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Topic: Good, Cheap Camera for Close Ups? Macro? (Read 4858 times) previous topic - next topic

vasquo

This is the "problem" you get when your camera is too close to the subject, macro lens setting, and very wide aperture.
Your depth of field is very shallow. Only a few parts are in focus.

If you're going for an artsy-fartsy shot, this may be fine but if you want everything sharp and readable, it just doesn't work without resulting to focus-stacking and that's a lot of work too (taking multiple shots, running the software, etc).



Of course, this can be "fixed" by having everything on the same plane, i.e. shooting head-on. But you may still have that problem where the board and silkscreen is in focus and the tops of capacitors aren't. 

The solution is to stop down your aperture to f8 or higher, increase ISO and/or use lots of lighting, and step back further from the subject a few feet away then shoot. 

BillHo


westfw

Frankly, most cameras above the "ultra-cheap" variety  have pretty good macro capabilities these days.
You can find a bunch of suggestions for improving your close-ups over at http://instructables.com, including clever ideas like using reading glasses as closeup lenses.  But I think the best advice was along the lines of:
"Your camera has many megapixels, because that's become a marketing number.  No one wants to see all of them in a 3.2MB file uploaded to a forum.  Put your camera further away so it can focus better, and then crop your picture to include the relevant bits using your favorite photo editor."

focalist

#18
Apr 09, 2013, 02:48 pm Last Edit: Apr 09, 2013, 03:17 pm by focalist Reason: 1
So true.  Even worse when camera dorks like me forget to do that kind of thing on an ACTUAL 24 megapixel image.  In RAW (without lossy, poorly done JPG compression done on an MCU) it's not uncommon to have 20 megabytes for a single picture.  Since the first hard drive I ever owned would have only held half of one picture, I think we can agree that storage amount is overkill.

Most digitals have many resolutions to choose from, even the cheapos.  Since a lot of people don't want to edit, just frame, click and post- at least setting the resolution to something reasonable like 4 megapixel or something like 1024x768 is good electronic hygiene.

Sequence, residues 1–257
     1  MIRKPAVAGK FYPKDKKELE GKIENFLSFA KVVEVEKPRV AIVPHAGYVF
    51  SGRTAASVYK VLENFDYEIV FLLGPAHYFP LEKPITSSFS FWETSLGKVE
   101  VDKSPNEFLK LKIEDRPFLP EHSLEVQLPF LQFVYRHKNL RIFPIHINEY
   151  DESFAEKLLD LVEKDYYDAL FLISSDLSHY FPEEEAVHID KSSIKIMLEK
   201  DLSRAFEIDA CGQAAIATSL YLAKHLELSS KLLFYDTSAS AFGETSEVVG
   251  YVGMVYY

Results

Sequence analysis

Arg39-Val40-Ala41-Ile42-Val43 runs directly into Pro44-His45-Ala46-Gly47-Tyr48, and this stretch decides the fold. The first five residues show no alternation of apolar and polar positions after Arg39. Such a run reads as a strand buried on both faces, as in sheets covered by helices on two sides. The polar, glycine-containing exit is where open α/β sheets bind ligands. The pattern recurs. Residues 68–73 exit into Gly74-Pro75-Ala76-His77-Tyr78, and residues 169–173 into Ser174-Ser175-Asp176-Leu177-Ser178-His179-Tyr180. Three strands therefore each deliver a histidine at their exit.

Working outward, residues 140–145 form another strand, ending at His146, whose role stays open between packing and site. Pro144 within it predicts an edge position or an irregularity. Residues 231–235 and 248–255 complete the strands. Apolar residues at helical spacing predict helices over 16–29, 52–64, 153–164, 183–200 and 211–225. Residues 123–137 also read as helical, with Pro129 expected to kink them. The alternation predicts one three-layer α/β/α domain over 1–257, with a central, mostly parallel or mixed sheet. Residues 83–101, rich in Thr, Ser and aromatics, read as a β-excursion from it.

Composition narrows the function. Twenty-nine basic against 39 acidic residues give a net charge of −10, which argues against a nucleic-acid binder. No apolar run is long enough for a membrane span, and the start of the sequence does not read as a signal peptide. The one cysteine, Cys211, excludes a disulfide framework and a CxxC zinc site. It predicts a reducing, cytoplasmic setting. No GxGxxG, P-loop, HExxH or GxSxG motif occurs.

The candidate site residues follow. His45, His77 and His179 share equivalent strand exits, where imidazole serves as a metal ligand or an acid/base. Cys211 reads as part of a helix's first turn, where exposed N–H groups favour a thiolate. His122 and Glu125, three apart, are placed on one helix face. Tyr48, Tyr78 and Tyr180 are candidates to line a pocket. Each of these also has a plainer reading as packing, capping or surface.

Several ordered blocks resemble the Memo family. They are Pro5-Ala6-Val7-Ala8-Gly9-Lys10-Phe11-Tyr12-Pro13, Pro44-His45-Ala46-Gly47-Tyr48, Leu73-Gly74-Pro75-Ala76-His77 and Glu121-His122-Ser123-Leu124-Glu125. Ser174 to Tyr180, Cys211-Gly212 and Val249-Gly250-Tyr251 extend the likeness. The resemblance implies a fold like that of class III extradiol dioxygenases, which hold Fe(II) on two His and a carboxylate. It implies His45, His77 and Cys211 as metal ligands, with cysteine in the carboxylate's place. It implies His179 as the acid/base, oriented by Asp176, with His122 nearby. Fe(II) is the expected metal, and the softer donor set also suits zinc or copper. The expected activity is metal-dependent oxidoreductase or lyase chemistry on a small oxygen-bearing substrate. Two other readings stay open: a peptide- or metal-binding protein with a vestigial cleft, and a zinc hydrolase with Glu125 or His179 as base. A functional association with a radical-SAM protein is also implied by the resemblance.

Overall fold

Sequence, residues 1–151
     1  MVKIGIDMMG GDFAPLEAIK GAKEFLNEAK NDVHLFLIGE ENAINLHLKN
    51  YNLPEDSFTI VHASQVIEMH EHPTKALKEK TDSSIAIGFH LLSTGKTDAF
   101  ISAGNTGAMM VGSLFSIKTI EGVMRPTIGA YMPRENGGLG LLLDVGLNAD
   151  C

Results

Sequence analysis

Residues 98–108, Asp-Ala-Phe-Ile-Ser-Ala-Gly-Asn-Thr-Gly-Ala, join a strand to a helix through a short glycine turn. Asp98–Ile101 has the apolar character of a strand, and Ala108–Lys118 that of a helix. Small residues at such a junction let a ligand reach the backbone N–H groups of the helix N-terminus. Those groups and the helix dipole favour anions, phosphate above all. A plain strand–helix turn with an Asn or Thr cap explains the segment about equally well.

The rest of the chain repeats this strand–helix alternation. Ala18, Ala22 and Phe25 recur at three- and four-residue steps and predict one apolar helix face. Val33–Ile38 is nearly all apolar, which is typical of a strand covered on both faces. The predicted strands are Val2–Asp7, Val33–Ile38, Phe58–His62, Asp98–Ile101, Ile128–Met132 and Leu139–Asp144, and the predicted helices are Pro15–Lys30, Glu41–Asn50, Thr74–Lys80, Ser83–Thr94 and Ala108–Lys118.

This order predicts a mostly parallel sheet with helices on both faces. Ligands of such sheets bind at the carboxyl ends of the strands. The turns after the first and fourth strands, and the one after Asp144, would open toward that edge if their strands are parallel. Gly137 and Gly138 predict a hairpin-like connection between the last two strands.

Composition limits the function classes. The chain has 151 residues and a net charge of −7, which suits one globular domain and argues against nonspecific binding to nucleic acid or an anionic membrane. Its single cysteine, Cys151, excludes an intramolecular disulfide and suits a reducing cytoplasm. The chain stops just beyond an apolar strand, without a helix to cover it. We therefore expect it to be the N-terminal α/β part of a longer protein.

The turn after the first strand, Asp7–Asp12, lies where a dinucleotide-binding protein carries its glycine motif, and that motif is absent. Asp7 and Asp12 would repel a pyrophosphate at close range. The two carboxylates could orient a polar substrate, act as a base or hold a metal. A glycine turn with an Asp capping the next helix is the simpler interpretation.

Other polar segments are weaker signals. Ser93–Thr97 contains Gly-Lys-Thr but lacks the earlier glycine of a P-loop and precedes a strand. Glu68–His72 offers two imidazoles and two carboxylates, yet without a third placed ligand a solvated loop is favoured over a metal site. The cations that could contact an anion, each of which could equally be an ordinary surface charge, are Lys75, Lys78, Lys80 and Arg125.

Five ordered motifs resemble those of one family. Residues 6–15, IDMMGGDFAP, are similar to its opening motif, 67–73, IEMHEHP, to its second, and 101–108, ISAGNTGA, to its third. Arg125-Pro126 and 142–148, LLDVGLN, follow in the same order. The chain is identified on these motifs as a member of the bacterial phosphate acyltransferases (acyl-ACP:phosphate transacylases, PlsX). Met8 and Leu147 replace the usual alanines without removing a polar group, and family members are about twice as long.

The sensors, even the cheap ones, are getting remarkably good.  The Iphone 5 sensor's signal to noise ratio is better than the sensor in my first "Prosumer" digital SLR- but the fact that the sensor is larger and has infinitely better glass in front of it make the images, though technically noiser, a heck of a lot better than anything any iphone ever will produce.  Light physics doesn't change to meet marketing blurbs, usually.  That being said, it's usually the expensive gear that has aperture ranges that create the depth of field issues.  f/8 is probably about right, but if you are trying to do macro with a 50mm f/1.4 you're gonna have a problem.  The fifty dollar f/8 lump o glass is far better for macro than the $700 1.4 (at least until you stop down the 50mm to f/8 that is)

Photography is great in that in many ways it is a very exacting science- I find it hard to think of it in terms of Art, I picked up a camera as an outlet after being an engineer for years.  I like to think that my tendency to overthink and overengineer shots as being just another aspect of being the nerd I am proud to be :D  I am well known locally (and getting requests from troupes regularly now) for doing theatrical photography-  extremely tricky low-light work, and worst of all, it's PEOPLE, so they actually have to look good!
When the testing is complete there will be... cake.

MichaelMeissner


f/8 is probably about right, but if you are trying to do macro with a 50mm f/1.4 you're gonna have a problem.  The fifty dollar f/8 lump o glass is far better for macro than the $700 1.4 (at least until you stop down the 50mm to f/8 that is)